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Telcos are missing the real opportunity

Chris KoehnckeChris Koehncke

incandescent-bulbViber has released their PC client and I’m impressed. Quality is HD, interface is simply (remember the days when Skype was fun to use). Viber is perhaps the “new” model for voice. Running on Amazon, it has easily scaled to handle the 18m+ users it has. Viber uses a push notification system so the application doesn’t even have to be running for you to receive a call.

But that’s not the point of this posting.

Viber uses your mobile telephone number as your identification and sending you an SMS verification code(likely using Twilio). While your telephone number only serves as an initial verification, it is the anchor basis for your account. Whatsapp and others use a similar verification process. Telephone companies are missing a big opportunity not to leverage their data knowledge about you.


When the value of telephone numbers disappear, so do telephone companies

So why can’t I query Verizon about a telephone number? It could return information like name, address, current location, known handset type, email, twitter, linkedin, facebook. The list is endless. Similar to Twitter, they could utilize basic security to authorize apps to tap into this information, support both public and private profiles. Finally, if the telephone number isn’t Verizon’s, they could query themselves the underlying operator and poll this information. Think of this as some sort of advanced DNS service (notice I didn’t use the anti-Christ word ENUM).

In the midst of this, telco would amass reams of data on what apps I’m using, what services are polling about me offering them re-marketing opportunities.

A challenge for many WebRTC applications is going to be “how do I find the person I’m trying to reach”. I’m not sure how many more user names and passwords (8 characters, 1 capital letter, 2 numeric and the capital of some African country) I can remember. Things like OpenID and long usernames and email address simply are too cumbersome, telephone numbers are snack size data packets we all understand and can quickly communicate.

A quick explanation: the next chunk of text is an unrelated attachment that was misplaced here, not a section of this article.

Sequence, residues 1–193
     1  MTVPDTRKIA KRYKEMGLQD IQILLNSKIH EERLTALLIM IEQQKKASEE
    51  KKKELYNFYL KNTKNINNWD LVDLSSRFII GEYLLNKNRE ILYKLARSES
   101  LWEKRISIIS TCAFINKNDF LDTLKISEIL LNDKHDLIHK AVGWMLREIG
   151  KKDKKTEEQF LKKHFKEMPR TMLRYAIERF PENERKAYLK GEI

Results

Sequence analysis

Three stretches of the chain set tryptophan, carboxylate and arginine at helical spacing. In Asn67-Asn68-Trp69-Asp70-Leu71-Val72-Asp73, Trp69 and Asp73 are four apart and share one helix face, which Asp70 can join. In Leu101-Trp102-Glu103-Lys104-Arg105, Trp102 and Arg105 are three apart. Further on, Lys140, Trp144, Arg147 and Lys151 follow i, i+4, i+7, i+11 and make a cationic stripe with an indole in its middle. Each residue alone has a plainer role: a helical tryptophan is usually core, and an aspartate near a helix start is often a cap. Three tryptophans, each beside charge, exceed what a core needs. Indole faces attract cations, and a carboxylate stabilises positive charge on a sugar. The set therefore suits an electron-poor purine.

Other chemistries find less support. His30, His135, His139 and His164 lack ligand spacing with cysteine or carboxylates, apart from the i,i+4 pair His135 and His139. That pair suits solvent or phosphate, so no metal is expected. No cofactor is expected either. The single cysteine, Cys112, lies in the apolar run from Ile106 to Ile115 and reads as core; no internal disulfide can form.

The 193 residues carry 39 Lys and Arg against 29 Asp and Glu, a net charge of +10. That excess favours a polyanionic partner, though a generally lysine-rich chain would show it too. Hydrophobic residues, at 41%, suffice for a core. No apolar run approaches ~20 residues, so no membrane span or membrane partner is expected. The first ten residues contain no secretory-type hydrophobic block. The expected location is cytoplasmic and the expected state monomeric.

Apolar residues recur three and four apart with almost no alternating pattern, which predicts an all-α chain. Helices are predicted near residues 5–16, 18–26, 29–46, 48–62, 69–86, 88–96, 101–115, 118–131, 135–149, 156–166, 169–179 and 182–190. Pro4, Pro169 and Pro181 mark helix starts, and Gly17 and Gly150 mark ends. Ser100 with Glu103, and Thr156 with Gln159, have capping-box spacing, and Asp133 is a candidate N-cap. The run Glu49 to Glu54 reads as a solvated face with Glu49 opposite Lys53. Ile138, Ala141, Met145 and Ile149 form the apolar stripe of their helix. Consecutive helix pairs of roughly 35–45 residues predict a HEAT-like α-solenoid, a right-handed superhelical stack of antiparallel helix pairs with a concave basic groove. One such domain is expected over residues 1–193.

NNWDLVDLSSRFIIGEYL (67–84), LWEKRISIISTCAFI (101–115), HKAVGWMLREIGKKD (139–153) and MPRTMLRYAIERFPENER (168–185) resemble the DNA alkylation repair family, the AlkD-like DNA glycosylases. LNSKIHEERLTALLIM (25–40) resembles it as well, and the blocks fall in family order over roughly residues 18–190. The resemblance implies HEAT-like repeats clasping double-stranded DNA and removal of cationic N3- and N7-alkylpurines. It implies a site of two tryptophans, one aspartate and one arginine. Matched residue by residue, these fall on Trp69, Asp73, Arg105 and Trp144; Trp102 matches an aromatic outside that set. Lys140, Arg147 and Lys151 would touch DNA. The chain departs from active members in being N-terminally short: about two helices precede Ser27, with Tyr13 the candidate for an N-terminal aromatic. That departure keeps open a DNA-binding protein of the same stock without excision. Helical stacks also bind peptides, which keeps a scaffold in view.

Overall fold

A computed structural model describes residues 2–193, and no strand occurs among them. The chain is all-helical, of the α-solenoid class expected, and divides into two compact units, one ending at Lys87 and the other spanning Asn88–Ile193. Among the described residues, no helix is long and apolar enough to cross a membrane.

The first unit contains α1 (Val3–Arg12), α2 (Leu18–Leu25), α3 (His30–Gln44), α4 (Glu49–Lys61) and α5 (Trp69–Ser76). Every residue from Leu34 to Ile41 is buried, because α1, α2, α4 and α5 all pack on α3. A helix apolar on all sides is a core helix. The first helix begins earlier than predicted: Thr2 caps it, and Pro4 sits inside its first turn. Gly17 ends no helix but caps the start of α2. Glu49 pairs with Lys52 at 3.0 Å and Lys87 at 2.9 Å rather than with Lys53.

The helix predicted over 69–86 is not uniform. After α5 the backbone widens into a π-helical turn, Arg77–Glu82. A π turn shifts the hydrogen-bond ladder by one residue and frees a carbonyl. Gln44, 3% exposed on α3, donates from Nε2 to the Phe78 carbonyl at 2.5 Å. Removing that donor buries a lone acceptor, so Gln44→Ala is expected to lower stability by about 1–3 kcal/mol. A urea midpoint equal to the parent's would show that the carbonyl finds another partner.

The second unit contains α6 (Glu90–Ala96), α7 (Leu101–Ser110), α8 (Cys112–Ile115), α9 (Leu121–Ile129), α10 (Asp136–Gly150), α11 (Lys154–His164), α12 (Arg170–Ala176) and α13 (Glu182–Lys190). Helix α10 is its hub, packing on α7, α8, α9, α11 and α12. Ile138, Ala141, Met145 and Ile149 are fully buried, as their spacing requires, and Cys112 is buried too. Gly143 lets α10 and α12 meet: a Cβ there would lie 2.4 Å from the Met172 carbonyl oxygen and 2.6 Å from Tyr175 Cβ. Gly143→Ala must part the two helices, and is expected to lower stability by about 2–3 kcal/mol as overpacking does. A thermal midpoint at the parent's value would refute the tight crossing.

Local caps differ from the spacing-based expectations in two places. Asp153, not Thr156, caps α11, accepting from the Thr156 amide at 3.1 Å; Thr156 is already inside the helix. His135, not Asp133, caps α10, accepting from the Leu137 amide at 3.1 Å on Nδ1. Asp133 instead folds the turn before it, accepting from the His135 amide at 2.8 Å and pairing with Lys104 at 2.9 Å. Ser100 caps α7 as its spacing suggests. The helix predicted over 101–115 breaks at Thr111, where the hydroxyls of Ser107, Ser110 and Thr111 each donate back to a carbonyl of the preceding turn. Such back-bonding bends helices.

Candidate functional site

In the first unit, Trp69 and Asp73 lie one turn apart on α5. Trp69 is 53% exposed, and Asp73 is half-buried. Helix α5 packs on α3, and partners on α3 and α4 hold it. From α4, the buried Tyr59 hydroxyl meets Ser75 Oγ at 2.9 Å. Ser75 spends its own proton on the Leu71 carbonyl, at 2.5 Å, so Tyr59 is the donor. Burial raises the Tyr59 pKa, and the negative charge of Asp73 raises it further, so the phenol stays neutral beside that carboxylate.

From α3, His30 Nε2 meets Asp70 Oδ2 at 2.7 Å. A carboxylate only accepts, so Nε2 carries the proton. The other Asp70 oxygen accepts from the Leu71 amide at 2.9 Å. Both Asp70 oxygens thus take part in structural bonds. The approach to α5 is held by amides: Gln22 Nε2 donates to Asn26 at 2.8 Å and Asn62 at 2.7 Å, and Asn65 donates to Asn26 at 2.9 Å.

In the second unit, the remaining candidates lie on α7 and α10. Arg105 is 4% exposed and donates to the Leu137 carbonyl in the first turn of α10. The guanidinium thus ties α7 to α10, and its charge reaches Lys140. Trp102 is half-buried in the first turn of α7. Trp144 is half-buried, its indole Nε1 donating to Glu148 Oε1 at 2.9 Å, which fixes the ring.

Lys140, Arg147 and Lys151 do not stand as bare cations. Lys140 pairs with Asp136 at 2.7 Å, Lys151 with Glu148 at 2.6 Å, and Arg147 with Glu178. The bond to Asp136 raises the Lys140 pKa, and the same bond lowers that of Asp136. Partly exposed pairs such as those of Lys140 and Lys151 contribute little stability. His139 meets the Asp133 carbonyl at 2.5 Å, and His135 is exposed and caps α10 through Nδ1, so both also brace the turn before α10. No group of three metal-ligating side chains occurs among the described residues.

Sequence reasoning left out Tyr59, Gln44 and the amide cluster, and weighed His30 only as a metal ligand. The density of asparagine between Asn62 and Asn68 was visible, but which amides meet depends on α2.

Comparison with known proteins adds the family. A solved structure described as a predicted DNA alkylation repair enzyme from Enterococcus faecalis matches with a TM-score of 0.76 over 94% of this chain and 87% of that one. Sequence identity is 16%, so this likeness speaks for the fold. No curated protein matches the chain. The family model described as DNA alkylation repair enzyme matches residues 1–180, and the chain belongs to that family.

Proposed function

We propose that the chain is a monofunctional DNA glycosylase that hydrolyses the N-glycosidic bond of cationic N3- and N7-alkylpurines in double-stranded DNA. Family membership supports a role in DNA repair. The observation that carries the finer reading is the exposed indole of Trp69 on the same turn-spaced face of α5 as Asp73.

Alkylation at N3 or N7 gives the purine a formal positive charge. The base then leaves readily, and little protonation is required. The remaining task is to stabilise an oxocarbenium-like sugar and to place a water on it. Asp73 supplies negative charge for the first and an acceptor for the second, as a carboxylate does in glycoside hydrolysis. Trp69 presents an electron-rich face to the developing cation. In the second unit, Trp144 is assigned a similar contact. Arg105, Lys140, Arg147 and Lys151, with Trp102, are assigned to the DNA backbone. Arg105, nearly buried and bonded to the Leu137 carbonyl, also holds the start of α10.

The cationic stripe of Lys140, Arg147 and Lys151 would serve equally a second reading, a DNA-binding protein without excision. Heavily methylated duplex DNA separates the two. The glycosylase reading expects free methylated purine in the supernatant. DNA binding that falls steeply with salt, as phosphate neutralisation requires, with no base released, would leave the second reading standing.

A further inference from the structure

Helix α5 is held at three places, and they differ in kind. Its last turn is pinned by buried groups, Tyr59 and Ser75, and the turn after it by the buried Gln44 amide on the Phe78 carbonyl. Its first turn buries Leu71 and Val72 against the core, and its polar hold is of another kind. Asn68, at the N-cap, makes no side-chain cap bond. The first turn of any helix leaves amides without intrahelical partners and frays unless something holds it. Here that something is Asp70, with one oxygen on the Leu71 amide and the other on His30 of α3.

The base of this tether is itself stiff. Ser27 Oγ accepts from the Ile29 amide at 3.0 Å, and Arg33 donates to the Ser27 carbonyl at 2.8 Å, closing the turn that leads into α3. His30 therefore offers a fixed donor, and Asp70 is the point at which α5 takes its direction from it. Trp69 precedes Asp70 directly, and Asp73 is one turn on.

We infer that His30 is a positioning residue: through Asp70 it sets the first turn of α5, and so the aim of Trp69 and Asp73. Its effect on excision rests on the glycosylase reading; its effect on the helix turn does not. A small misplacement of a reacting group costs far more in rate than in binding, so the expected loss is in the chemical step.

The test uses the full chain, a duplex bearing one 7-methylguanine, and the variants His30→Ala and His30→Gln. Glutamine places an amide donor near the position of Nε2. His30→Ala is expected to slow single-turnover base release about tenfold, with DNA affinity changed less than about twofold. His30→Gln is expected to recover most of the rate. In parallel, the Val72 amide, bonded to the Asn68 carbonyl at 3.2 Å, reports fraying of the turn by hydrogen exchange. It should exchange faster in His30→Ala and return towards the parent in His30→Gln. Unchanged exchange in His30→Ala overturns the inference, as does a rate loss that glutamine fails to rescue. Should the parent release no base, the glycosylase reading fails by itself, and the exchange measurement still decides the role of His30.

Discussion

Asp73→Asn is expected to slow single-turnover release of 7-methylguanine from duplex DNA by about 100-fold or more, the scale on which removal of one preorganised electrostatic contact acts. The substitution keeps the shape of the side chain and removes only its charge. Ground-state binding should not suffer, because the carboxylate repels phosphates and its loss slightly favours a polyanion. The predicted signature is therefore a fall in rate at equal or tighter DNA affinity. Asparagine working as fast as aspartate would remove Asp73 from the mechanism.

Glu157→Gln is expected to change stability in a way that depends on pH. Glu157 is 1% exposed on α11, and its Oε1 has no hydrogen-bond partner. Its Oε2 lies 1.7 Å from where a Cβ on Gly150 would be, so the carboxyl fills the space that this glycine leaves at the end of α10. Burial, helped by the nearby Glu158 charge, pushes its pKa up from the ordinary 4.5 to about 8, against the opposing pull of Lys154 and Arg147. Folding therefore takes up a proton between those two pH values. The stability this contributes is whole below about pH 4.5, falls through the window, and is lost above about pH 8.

For telcos this is a very complex issue with topics on privacy, potential lawsuits, regulatory and their roll as a public utility (though that roll is diminishing). But a failure to play in this changing market assures a most certain death, elongated only by their ability to extract cash from the hapless who remain.

The opportunity is now. Telcos have the opportunity to move to LED light bulbs because the days of incandescent are indeed waning.

Comments 5
  • Tsahi Levent-Levi
    Posted on

    Tsahi Levent-Levi Tsahi Levent-Levi



  • Tom Christian Gotschalksen
    Posted on

    Tom Christian Gotschalksen Tom Christian Gotschalksen


    Short and sweet – right to the point.

    With regards to the privacy part I would also foresee an opportunity for the end user to get an overview of what apps uses your phone number for verification. I was very positively amazed of the twitter functionality of what apps that where using my twitter login, and the opportunity to turn them off. Tink about that not only for identity, but also for payment that’s believe is an adjacent opportunity…


  • Tim Panton
    Posted on

    Tim Panton Tim Panton


    Chris – when you go to call your dentist – do the relevant 10 digits just surface in your head ? Or do you look them up – in a contacts list app perhaps ? Or even on the dentist’s website? So the 10 digits are only useful because you have to move from that app to the phone app and it is convenient to have a short string to cut and paste.

    However once webRTC lets us embed realtime audio and video into the dentist’s website, the number is no longer visible or relevant, it is the goal of getting your teeth fixed that matters.

    So I think that you’ll see the universal identifier change from being a 10 digit number to being a web address or an app.


  • Steven Sokol
    Posted on

    Steven Sokol Steven Sokol


    I have to agree with Tim – I lost the ability to remember phone numbers about the same time started using a feature phone. WebRTC represents the end of the line for phone numbers. Several of the big-iron players (Ericsson, AT&T) are making efforts to leverage E.164 numbers as an identity key. So far as I can tell this hasn’t generated any momentum.

    The wealth of rich identity providers (Facebook, LinkedIn, Google, etc.) with open APIs has leapfrogged any sort of identity service the phone companies might have. Facebook knows where I am, who my friends are and what I like. Google probably knows all that plus my shoe size. Verizon knows my billing address. (Yawn)



  • Kartik Shah
    Posted on

    Kartik Shah Kartik Shah


    Hi Chris,

    Tim’s point is very valid. Most people have a challenge retaining phone numbers. An ever increasing list of identities and identity providers have left the telephone number as simply 1 attribute to look me up.

    For telcos to open up this type of lookup would be more a legal, logistical problem than a technology issue.


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